I think pushing through adversity takes a strong sense of believing in yourself. It’s not always easy to do, but I think gut instincts are pretty good things to follow. If your gut is telling you something, like you can become a contestant on Canadian Idol or run a triathlon or become the [next] female Prime Minister—whatever it is that you’re passionate about—chances are it’s something to pursue. Even it’s something others around you may not see the worth of (like a connection to art) staying true to who you are and what you want is crucial. Assuming of course it’s a healthy and productive yearning.
ITB: Is there a difference in telling a story for Canadian teens versus telling a story for American teens? Would you set one of your YA novels in Canada?
I don’t think there’s a difference in what Canadian teens and American teens like to read (for the most part). I have three teen nieces and they seem to love the same popular YA fiction that American teens do. I see the same YA books at Indigo that I see in bookstores in the USA.
I think, in general, Young Adult fiction is easier to write for the American market, because the Canadian market tends to publish more literary fiction. My books are rather commercial, and therefore more attractive to American publishers. I have an American agent and she pitches the books to US publishers. That said, I hope I have just as many Canadian teens reading my books as American teens!!
I usually have a Canadian character in my books. Actually, I’M NOT HER doesn’t, but my next book coming out in October, IF I TELL, features a hot boy from Canada who moves to the main character’s US home town. I also have an unsold YA novel set in Calgary (and featuring a boy who does Parkour).
ITB: What is the best part of being a published author? What is the most difficult?
JG: There are many bests to being a published author but I think the very best is getting first copies of the finished book. Okay, another close best is seeing books on the shelves in bookstores. I CAN’T WAIT to see I’M NOT HER at my local Indigo store!!!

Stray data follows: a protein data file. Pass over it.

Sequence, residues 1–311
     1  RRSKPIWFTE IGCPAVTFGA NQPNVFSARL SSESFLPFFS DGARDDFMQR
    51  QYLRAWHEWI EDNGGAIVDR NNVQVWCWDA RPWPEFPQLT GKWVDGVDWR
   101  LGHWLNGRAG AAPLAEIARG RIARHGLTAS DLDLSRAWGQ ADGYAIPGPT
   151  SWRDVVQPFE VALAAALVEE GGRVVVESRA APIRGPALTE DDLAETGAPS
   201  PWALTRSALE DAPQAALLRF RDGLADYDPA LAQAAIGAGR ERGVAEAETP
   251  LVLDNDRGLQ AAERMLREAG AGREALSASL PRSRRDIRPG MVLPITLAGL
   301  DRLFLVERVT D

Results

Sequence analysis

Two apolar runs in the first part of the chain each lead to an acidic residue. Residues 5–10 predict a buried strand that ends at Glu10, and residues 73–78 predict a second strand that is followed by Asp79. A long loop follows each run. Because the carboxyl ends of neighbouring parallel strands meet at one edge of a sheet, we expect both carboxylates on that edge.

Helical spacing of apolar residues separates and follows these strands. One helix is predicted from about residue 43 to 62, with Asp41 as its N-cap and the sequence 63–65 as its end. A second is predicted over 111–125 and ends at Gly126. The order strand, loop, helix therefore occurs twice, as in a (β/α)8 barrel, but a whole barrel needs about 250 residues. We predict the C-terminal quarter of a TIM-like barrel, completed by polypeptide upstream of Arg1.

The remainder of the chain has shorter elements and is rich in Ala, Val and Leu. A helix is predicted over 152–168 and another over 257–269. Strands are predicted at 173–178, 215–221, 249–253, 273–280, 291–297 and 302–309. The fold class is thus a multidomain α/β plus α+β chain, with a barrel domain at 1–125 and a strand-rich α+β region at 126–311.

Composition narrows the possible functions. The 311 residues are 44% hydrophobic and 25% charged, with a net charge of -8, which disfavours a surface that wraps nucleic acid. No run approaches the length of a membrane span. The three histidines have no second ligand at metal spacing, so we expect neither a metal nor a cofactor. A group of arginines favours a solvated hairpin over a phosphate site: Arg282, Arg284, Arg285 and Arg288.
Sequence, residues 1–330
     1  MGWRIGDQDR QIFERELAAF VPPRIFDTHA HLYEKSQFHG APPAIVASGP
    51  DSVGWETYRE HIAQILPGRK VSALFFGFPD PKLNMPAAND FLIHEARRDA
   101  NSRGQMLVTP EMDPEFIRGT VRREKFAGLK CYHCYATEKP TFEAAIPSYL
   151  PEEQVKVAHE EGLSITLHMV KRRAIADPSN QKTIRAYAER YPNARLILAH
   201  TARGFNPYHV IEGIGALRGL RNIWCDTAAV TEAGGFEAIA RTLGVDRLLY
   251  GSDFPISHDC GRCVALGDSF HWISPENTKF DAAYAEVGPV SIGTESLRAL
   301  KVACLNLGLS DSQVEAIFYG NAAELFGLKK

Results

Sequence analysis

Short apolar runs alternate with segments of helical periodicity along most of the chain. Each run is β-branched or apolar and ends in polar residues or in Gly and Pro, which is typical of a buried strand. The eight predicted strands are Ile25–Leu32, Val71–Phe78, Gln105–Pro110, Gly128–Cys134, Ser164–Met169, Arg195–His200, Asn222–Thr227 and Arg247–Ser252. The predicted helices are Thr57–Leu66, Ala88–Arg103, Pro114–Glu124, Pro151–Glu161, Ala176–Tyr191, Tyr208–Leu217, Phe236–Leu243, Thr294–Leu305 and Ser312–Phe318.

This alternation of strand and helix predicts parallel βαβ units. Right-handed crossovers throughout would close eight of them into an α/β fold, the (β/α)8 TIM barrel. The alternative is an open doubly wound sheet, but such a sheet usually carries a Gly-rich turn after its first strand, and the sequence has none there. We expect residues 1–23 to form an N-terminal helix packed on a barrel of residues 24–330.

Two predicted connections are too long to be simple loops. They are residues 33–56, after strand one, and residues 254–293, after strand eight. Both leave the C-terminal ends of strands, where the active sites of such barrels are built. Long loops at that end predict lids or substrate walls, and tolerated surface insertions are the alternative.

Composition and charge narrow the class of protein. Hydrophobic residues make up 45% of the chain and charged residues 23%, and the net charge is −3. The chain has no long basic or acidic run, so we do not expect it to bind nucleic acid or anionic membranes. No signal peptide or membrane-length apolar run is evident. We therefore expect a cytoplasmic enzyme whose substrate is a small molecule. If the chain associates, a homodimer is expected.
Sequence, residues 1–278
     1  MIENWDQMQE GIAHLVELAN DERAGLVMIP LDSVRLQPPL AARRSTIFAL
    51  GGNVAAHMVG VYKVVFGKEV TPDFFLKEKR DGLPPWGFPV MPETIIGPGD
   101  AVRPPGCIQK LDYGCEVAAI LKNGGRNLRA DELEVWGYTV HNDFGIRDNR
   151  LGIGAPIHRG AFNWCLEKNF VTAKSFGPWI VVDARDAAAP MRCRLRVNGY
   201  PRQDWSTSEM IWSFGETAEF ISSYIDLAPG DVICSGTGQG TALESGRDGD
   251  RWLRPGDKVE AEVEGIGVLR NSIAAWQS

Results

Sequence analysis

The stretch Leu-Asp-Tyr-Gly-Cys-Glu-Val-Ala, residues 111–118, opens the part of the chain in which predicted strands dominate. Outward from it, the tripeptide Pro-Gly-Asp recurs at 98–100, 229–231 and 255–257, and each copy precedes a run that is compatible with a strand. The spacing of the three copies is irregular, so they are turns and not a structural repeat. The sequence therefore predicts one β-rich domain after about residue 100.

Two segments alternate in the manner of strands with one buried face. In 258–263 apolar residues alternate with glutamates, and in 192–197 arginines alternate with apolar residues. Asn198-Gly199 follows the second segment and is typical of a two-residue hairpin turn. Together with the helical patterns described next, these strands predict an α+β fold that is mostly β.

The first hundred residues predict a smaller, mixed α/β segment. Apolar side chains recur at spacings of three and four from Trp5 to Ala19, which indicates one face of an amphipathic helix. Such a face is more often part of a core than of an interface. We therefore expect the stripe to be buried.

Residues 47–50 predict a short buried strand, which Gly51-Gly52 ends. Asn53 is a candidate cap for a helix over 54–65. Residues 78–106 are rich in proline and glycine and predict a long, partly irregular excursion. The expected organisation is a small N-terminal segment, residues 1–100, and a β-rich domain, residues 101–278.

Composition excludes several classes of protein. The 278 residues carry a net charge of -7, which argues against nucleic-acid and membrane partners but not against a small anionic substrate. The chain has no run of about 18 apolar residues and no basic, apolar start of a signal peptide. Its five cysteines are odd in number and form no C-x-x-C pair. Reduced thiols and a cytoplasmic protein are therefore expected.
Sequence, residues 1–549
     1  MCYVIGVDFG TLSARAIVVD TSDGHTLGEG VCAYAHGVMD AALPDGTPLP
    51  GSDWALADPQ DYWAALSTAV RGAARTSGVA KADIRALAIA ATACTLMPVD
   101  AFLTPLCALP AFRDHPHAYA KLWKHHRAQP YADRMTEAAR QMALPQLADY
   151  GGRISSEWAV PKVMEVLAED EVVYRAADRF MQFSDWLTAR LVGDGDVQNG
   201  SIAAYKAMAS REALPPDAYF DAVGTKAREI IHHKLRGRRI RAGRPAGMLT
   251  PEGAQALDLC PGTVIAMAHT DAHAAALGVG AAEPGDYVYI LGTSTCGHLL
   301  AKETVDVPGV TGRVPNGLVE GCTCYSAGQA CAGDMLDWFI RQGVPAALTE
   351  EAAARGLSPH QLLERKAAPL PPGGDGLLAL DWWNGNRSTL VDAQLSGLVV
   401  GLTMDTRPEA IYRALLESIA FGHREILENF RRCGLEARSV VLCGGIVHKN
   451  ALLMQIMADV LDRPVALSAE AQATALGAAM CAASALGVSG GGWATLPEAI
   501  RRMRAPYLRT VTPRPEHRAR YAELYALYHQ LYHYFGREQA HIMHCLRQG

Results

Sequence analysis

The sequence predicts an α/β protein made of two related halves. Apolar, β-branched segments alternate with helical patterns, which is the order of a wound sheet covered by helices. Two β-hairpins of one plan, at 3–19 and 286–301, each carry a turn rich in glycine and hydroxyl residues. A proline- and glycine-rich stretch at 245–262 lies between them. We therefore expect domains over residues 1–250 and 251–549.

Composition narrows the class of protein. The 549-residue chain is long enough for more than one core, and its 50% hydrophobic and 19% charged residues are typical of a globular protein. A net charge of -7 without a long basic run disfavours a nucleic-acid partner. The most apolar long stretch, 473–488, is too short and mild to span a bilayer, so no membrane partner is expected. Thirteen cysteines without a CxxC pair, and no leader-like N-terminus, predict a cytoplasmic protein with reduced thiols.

There are also many difficult parts about being an author. The most difficult is learning to deal with rejection. It comes in many forms, first when you’re unpublished and waiting for someone to say the magical words, “We Want to Publish your book.” It’s hard to hear no. Often over and over. It takes a lot of perseverance and good old fashioned stubbornness to keep going sometimes. And it’s important to try not to compare your journey to someone else’s. Because someone else is always going to get published faster or better!
ITB: Can you tell us about what you’re working on next?
JG: Of course! Right now I’m working on a couple of books. The first is a re-write of the Parkour story I mentioned earlier, adding a female POV to enrich the story for female readers. I’m also close to finishing a paranormal novel called INSTINCT.
INSTINCT is about an adopted teen, Liv, who comes out of a coma from a car accident, able to “see” the memories and the future of people who touch her. She soon finds out she’s a VOYANT and her developing powers means an equally sudden change in a boy she must avoid, called a CAZADOR, a boy who has the instinct to strip her powers and destroy her. The problem is, she’s already met him. And fallen in love with him.
Thanks so much for having me and for great questions!